Ceramic Backing Bar Welding

Ceramic backing bars are used during welding to provide support for the weld pool and prevent weld metal from flowing into the parent material.

Ceramic backing bars can be made from a variety of materials, but they all serve the same purpose. Welders must be careful when installing ceramic backing bars, as they are fragile and can break easily.

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There are many benefits to using ceramic backing bars during welding. First, they help to improve the quality of the weld by providing support for the weld pool. This prevents weld metal from flowing into the parent material, which can cause problems later on.

Second, ceramic backing bars can help to increase productivity by reducing the amount of time that is needed to complete a welding job. Finally, ceramic backing bars are less likely to cause damage to the parent material than other types of welding supports.

Copper Backing Bar Welding

Copper backing bars are used in welding to provide a heat-conducting and electrical-conducting path between the weld and the workpiece. This helps to prevent weld defects and improve weld quality.

Copper backing bars can be used for both gas tungsten arc welding (GTAW) and plasma arc welding (PAW). When selecting a copper backing bar for your application, it is important to consider the thickness, width, and length of the bar.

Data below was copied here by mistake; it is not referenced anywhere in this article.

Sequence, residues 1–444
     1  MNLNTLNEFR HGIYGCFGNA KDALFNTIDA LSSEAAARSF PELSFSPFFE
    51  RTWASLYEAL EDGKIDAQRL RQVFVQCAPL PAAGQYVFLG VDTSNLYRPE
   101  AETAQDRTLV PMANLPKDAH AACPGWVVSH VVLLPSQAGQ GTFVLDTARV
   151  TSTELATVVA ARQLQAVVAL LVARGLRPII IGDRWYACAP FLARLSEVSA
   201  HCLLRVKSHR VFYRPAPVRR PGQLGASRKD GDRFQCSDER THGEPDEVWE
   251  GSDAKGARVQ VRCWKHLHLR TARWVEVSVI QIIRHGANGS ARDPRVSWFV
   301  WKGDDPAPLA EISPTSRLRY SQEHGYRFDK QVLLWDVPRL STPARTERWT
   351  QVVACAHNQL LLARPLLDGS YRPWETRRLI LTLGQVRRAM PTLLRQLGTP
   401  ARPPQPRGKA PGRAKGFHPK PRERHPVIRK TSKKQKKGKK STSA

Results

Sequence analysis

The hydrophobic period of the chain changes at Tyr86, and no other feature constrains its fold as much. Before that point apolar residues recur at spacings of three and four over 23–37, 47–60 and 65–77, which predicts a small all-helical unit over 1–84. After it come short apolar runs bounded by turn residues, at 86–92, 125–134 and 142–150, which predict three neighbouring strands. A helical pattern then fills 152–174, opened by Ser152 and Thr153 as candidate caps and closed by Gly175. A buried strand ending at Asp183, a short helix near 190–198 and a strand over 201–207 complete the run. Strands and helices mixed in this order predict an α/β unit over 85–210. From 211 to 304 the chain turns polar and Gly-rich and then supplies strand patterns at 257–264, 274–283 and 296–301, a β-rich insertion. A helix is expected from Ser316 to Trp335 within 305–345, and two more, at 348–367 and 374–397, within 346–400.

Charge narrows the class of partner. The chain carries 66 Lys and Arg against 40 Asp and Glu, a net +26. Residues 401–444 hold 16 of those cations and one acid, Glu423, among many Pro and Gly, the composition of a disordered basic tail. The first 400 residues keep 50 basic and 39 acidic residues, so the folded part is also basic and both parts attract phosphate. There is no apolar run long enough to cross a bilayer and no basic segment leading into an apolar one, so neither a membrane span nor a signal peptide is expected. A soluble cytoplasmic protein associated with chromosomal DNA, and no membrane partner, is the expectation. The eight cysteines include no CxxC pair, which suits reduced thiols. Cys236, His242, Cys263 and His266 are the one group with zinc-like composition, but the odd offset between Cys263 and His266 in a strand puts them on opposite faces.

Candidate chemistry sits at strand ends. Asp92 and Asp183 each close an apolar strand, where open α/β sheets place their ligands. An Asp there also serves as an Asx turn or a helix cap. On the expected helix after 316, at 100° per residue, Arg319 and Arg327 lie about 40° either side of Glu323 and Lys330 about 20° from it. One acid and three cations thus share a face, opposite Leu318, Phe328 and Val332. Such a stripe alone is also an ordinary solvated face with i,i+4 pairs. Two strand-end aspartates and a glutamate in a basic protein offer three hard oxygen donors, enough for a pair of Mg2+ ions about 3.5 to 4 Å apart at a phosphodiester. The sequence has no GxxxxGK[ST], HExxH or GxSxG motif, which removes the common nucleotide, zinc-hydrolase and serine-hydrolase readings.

Thicker copper backing bars are better able to conduct heat away from the weld area, which can help to prevent weld defects. However, thicker bars are also more difficult to work with and can be more expensive.

Width is also an important consideration, as wider bars will provide better support for the weld area. Length is less important than thickness and width, but longer bars can be more difficult to maneuver.

Purpose of Backing Bar in Welding

Backing bars are an important part of welding. They help to support the weld and prevent it from collapsing. Here are top five purposes of backing bars in welding:

  1. To provide support for the molten weld pool during root run welding.
  2. To prevent the weld from collapsing.
  3. To distribute the heat evenly when welding exotic materials such as magnesium alloy.
  4. To prevent burn through during open root welding.
  5. To ensure full root fusion when requires complete joint penetration (CJP) weld.

Why Backing strip is used in welding?

Backing strip is used in welding for a variety of reasons. First, it helps to prevent weld defects by providing a smooth, consistent surface for the weld to form on and support molten metal during root run weld to avoid burn through.

Second, it helps to protect the base material from heat damage during welding. Third, it can help to improve the appearance of the finished weld by providing a clean, flush surface.

Backing strip is typically made from same base metals or copper, which have good thermal conductivity and are resistant to weld spatter and heat damage.

In some cases, other materials such as ceramic fiber or fiber glass may be used. The choice of backing strip material depends on the application and the type of welding being performed.

Backing strip is an important part of the welding process and can help to improve the quality of the finished weld.